It’s also possible that we see more Artifacts that control decks want to play in Aether Revolt – specifically cheap Artifacts. Alternatively, Artifacts that are already legal may find homes in control shells if there are enough powerful Improvise cards that fit the strategy. I know that I, personally, would not mind putting a Prophetic Prism in my Constructed deck. Am I alone in that sentiment? Probably, right? This is why Magic is a hobby rather than a career.

The card does have downsides – its speed being at the forefront. It also can’t be cast off of Yahenni’s Expertise or Torrential Gearhulk, which isn’t great. But as a two-of or so, I can see it shoring up multiple matchups for control decks in Standard.

Disallow

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Disallow is not exactly an easy card to evaluate in Standard. Obviously, three cmc counterspells are solid, with Void Shatter being playable in multiple different decks. So the question is: is Disallow a better card than Void Shatter? In a vacuum, I’m actually inclined to say that it is. The upside of countering an activated or triggered ability can be a lot higher than exiling a random card. That may just be the EDH player in me speaking, but I do value Voidslime higher than Dissipate.

However, in the current Standard format, exiling cards is highly relevant. Despite kind of getting wrecked at the latest Standard GP, Delirium is still a widely played (and very good) deck. It’s also a deck that recurs creatures from its graveyard and actively wants certain cards to hit the yard. Void Shatter throws a wrench in that game plan. That said, I don’t know if it’s enough better to not play a mix of the two cards, and if three cmc counterspells are still good when Battle for Zendikar and Oath of the Gatewatch rotates, Disallow will definitely earn its keep in that slot.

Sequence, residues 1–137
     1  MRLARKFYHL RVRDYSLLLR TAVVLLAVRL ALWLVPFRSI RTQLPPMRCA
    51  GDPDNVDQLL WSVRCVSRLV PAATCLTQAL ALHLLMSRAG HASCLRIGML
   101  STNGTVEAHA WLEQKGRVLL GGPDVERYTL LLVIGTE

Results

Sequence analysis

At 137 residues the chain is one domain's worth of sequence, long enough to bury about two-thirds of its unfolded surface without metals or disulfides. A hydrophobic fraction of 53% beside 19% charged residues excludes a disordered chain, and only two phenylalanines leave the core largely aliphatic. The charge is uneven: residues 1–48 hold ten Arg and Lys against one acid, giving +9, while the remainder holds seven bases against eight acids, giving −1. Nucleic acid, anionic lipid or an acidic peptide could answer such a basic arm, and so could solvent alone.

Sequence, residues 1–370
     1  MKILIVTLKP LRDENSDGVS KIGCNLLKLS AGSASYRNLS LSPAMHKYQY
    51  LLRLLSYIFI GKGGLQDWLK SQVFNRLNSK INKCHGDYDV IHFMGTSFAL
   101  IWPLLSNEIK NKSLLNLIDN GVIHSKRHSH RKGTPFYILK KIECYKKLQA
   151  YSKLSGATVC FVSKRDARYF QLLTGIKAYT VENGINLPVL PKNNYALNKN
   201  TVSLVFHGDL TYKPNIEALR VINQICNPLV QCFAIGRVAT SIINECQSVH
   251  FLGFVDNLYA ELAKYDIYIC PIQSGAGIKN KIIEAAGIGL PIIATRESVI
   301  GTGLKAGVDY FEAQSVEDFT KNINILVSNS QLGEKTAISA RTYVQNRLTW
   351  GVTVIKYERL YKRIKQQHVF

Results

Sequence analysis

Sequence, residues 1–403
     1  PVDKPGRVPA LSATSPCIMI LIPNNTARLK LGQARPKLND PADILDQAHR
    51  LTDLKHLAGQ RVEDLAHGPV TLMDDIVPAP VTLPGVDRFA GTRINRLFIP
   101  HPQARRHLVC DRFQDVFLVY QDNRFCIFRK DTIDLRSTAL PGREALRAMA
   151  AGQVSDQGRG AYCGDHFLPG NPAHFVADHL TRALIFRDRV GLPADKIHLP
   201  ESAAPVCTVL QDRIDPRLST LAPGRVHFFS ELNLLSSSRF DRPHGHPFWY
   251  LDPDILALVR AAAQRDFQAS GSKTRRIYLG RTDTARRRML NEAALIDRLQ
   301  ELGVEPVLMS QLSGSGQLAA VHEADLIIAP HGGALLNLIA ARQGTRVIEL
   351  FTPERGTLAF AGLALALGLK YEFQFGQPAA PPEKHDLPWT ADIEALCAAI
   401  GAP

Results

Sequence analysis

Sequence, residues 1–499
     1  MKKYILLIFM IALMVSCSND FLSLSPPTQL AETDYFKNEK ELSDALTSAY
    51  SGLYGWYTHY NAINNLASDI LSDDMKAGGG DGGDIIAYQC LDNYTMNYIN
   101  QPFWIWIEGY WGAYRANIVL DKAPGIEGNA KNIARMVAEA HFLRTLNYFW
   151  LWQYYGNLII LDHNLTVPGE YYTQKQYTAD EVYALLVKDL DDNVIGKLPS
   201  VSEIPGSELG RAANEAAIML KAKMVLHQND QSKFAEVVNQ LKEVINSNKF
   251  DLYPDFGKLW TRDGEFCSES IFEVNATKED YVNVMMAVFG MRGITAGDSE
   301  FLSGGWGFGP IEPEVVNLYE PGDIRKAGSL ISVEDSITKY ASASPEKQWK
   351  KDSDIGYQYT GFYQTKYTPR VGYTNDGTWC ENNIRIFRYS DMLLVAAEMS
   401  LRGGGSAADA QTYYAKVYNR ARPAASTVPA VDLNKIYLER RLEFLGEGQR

To be fair, hitting activations and triggers can be relevant – Stone Raining an Evolving Wilds is sweet, as is countering a Planeswalker ultimate – both Liliana and Gideon seem to get their emblems with some degree of regularity. Interestingly, it also gives you the option of letting an Emrakul, the Promised End resolve, but Stifling her trigger. If you can deal with the card in other ways, this is actually pretty good. These are obviously more fringe uses of the card, but they’re likely to come up.

I’m not convinced that this is the counterspell that control decks in Standard are looking for. But my immediate inclination is that it’s worth testing anyways.

Dark Intimations

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Poor Cruel Ultimatum. What’s happened to you? Dark Intimations, well… it’s no Cruel Ultimatum. And I’m not even sure it’s good. Actually, let me backpedal. I don’t think this card is good. I’m writing about it because, despite not thinking very highly of it, I can’t wait to play with the card goddammit. And look, maybe it will be good. Edict effects aren’t great, but dealing with a creature or Planeswalker and getting back one of your own is a solid effect.

It also partially depends on the Nicol Bolas Planeswalker, which will presumably show up in Amonket. It may breathe new life into this card a few months from now, as giving it an extra loyalty counter could be incredibly relevant. Until then, it’s fine. If it were maybe a mana cheaper, or hit both a creature and a Planeswalker… I don’t know. I don’t get payed to design cards.

That being said, I can’t wait to brew around this one. I just so desperately want Grixis to be a great deck that I will contrive any reason I can to be in those three colors (Gearhulk + Unlicensed Disintegration might already be good enough but hey).

In a few weeks, I may very well have to revisit this type of article. The early spoilers (barring the new Ajani) have been pretty exciting, and I’m looking forward to picking up some more control cards from the set.


About the Author

Jean-Luc Botbyl

Jean-Luc is a grizzled veteran of We the Nerdy. Most days, he just wonders why he hasn't been formally fired. Follow him on Twitter at @J_LFett to make him feel validated.